The 20 Highest-Grossing Movies of 2021

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The 20 Highest-Grossing Movies of 2021

With Marvel movies taking up a quarter of the entire domestic box office this year, superheroes once again were good for business. Nine of the top 10 films in the U.S. were either sequels or part of a larger franchise. Kudos to Free Guy for at least coming up with something new.

The global picture was completely different with two Chinese films that weren’t even released here (The Battle at Lake Changjin and Hi, Mom) beating out everything but the latest Spider-Man.

If you want the best movies of 2021, go here, but if you want to know what the biggest films of the year were—at least in America—here are the 20 highest-grossing movies of 2021.


1. Spider-Man: No Way Home

spider-man-no-way.jpg US Box Office: $573 million
Director: Jon Watts
Stars: Tom Holland, Tobey Maguire, Andrew Garfield, Zendaya, Benedict Cumberbatch, Jacob Batalon, Jon Favreau, Marisa Tomei
Rating: PG-13

Now Playing in Theaters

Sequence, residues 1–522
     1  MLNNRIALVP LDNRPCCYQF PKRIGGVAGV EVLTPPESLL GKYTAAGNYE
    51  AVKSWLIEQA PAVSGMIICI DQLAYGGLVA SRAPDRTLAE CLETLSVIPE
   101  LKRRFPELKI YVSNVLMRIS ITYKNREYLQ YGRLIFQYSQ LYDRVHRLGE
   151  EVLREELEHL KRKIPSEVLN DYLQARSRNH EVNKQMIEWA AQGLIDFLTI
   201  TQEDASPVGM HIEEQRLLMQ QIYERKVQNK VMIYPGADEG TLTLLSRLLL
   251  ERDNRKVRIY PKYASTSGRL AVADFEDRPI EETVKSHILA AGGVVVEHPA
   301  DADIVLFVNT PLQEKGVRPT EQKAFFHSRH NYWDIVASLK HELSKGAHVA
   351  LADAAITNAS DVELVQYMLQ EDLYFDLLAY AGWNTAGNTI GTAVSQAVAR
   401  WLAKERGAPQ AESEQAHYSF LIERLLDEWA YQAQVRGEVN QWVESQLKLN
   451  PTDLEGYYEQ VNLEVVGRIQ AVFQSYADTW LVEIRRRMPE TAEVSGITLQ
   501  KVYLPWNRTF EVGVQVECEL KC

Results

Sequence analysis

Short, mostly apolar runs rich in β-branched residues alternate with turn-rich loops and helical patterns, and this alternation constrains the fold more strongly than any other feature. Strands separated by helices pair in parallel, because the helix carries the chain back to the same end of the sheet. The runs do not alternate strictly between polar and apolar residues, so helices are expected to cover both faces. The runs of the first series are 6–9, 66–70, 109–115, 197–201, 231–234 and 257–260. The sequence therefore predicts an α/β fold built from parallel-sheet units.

Spider-Man: No Way Home holds no surprises. It delivers what’s expected and whether you cry “spoilers” or not, you likely already know exactly what I mean. That’s what the film is hoping for, as its premise—that Peter Parker (Tom Holland) has come so far from his enjoyably low-key Homecoming, his secret identity known thanks to Far From Home, that he must literally toy with fate spanning far beyond his own universe—assumes its audience has a working knowledge and appreciation of two decades of Spider-Man cinema. The multiverse, which supplemented the Oscar-winning Spider-Man: Into the Spider-Verse origin story with explosive animated verve, is the only force at work here. It is a massive fan servicing crossover, with the MCU bringing staggeringly little to the fold like a potluck mooch. It is a metatextual collage, which often overshadows the actual text—it’s easy to miss the movie for the Easter eggs. No Way Home is an intriguing case study of corporate collaboration, a self-aware meme machine, and a lackluster movie that understands its hero so well that the disservice stings all the greater. What director Jon Watts’ trilogy has done better than its Raimi and Webb counterparts is convince us that Peter Parker is a kid. A nervous, charming goodie-goodie with a headful of knowledge and not a lick of sense. So it fits that when he, his girlfriend MJ (Zendaya) and BFF Ned (Jacob Batalon) face problems—blown out of proportion by crippling cases of teen-brain—he’d run off to Dr. Strange (Benedict Cumberbatch) and plead for a magical worldwide memory wipe without really considering consequences or alternatives. What follows, with characters from past Spidey films getting interdimensionally sucked to this NYC, only really makes sense if you’ve been keeping a keen eye on casting rumors. If so, congratulations: They’re here and shenanigans ensue. If you don’t really care about a fan-fictional Spidey Greatest Hits parade, there’s some other stuff in the movie (it continues trying to convince us that Marisa Tomei’s May and Jon Favreau’s Happy were anything but a long and bad running joke; it lightly engages with bad journalism’s shift from tabloids to InfoWars) but you can tell it’s mostly ceremonial. Spider-Man: No Way Home’s routine is overwhelmed with flourishes, more devoted to Spider-Man™ than its Spider-Man. But it sticks the landing. It’s not that it’s without the MCU’s required final act CG spectacular, but that said spectacular is followed by an excellent denouement, subtly written and acted in turn by performers who’ve waited years to actually act with each other. After so long playing with the legacy and impact of Spider-Man, No Way Home finds its way back. All the spectacle, all the stunt performers and stunt casting—it all evaporates like so many Snapped extras when confronted with small, connected scenes of human-level dramatic filmmaking that remind you why broke loser Peter Parker resonates with us so deeply in the first place. It’s valuable, this recollection, but getting back to Spider-Man basics is a shallow victory with diminished returns. Perhaps the fact that Spider-Man: No Way Home finds any success in this familiar territory, after devoting itself so wholly to unwieldly examinations of its own IP, is itself its biggest surprise. —Jacob Oller